Sunday, January 13, 2008

Waste land

It’s the hottest morning of the week, & I have a cold.

Yesterday it rained all day—the only time it rained in what was generally a chilly 7 days.

Some are sick & miss a week of school. Some—like me—get sick & don’t miss a day.

Others have viruses of a nature incomprehensible.

Confirmed rumors speak of a prolonged squabble about I’m-not-so-sure-what between those-who-shall-remain-nameless.

Prognosis: remedy needed quick, but I don’t know what it is.*

Months ago, I placed Marie’s poem under a stack of academic readings. Busy. Her deadline came & went w/out my comments. Negligence. Recently I wanted to ask for her comments on something of mine. Selfish. Life has taught me about nonsense like karma. Guilt.

Apologies, both ways, reinforced this week over at a place others still incessantly call Chicken Boy. Now I’ve ran out of excuses.

My tito is dying in Iloilo. How’s he doing? I ask. I just really want to get away from the city.

Eight-thousand bucks to drain a bloated corpse stubbornly holding on. Anytime now, says the doctor. Anytime w/ a per-night rate of 2,000.

Expectations for the next 2 months: a funeral & a 90th birthday celebration. I don’t own a barong, but a tita got me a pair of new Chucks, baptized yesterday in the flooded streets.

We had both spoken about entitlement, how we both didn’t want to feel it. Names we hold dear splashed on covers. Father she used to describe the man others hold in such reverence. While she feels she isn’t entitled, others brown-nose their way into her father’s life. Such is my interpretation. I am a skeptic.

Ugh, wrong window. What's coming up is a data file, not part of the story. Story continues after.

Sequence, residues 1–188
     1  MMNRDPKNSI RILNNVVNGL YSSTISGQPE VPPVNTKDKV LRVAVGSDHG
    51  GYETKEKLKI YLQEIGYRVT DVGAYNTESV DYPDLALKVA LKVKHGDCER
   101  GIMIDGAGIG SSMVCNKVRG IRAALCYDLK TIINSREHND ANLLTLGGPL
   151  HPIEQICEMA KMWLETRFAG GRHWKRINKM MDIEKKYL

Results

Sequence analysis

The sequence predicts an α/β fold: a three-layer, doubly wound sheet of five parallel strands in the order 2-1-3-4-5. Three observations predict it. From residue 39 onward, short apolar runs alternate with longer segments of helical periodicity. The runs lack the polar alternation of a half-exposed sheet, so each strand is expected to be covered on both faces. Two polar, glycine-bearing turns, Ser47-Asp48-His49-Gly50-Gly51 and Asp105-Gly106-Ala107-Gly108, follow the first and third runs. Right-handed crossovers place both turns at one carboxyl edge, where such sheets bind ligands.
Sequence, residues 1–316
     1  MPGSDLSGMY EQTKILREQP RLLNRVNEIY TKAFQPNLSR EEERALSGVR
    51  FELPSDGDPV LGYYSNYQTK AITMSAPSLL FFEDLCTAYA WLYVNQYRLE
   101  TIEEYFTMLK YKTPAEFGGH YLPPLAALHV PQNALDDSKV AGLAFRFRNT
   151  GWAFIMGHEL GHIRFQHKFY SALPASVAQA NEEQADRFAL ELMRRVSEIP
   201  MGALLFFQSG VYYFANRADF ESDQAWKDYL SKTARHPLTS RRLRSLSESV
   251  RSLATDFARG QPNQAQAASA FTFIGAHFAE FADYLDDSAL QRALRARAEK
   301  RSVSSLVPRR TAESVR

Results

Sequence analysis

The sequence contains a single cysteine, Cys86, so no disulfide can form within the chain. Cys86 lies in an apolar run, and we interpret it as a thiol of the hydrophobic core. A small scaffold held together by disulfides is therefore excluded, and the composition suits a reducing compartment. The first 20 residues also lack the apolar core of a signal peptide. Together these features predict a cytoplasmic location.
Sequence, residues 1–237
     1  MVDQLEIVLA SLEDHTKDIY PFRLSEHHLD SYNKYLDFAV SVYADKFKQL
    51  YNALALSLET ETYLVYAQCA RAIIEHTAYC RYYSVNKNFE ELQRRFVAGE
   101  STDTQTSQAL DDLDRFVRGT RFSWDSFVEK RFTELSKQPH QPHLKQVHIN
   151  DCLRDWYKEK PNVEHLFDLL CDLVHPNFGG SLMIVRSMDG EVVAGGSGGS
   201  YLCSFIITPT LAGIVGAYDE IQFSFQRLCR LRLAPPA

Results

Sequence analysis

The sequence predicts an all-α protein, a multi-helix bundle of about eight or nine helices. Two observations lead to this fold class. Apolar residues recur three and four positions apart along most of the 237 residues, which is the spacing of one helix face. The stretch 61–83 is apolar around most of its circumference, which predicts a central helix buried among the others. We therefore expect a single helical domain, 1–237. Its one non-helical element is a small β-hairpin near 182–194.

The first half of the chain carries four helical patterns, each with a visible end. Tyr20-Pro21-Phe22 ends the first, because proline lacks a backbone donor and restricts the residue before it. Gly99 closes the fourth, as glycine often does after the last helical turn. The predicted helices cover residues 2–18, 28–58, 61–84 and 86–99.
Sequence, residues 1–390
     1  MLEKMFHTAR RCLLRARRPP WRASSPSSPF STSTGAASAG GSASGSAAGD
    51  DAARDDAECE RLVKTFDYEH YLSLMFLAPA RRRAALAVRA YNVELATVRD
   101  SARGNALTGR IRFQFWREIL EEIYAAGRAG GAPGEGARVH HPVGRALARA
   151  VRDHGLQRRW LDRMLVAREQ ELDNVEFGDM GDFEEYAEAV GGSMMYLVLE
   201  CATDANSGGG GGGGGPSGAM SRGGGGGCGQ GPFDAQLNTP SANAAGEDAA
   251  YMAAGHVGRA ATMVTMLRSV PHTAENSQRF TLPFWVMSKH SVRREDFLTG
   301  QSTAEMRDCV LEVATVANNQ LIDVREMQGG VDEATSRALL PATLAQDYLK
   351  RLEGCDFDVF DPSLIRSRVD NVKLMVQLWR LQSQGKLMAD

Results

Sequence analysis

I can relate.

More so now; I think I might’ve disappointed a mother of sorts this week.

You feel so distant, says the boy. Their bodies close, lips inches apart. The girl says nothing, hopes the touch of her fingers would suffice for the moment’s brittleness.

We spoke about seatmates, how the ones in high school are somewhat sacred. Before she was the girl on TV, she & I used to talk nonsense like the shape of our shit.

That’s pretty intimate, says Marie.

Years later April & Sasha interview my former seatmate backstage of a musical production, mention my name. She hesitates. It doesn’t ring a bell.

I saw a man walking along Aurora to the LRT station barefoot.

It was the Feast of the Black Nazarene.

Vince gave his class a free cut.**

He had once shown us around Quiapo to elucidate the magnificence of the city's chaos.

Every January 4, he says he reads a TS Eliot poem.

This year it was The Naming of Cats.

He needed a humorous one, he says. The world is depressing enough as it is.

Last January 11, I sat in his class as they took up The Waste Land.

In response to Sibyl’s dilemma, a student says: My lola is sooo old, right? She’s…like…90 or something…

A petty squabble. A dying uncle. A father one can’t talk to. A disappointed mother. A silence between a girl & a boy. Intimate memories forgotten. Hopes & dreams pinned on a statue.

The world is depressing enough as it is.

*Like I said earlier in the week, ma’am, ayaw kong makihalo diyan.
**He would later deny actually going to Quiapo that day.

* * *


Book launch: beLIEve, a compilation of works by Creative Writing seniors of the Ateneo, will be launched this Wednesday, January 16, 8PM at Mag:net Café, Bonifacio High Street.

Two of my essays & my intro included.

Expected live performances by DJ Mike Oreta, Ernville, Hymn of Siren, Melany, Mayonnaise, & Hilera, among others.

Thanks to Panch Alvarez for the cover illustration (above) for the book.

Speaking of Panch, his December 26 exhibit in Bicol went well: 7 paintings sold. He’s feeling ecstatic; a bunch of us had free pizza this week as evidence. Hoping to post some of his works here.

Congrats, mehn!

Lastly, deadline for contributions for the next issue of Heights extended to February 1.

Contribute na, mga 'tenista!


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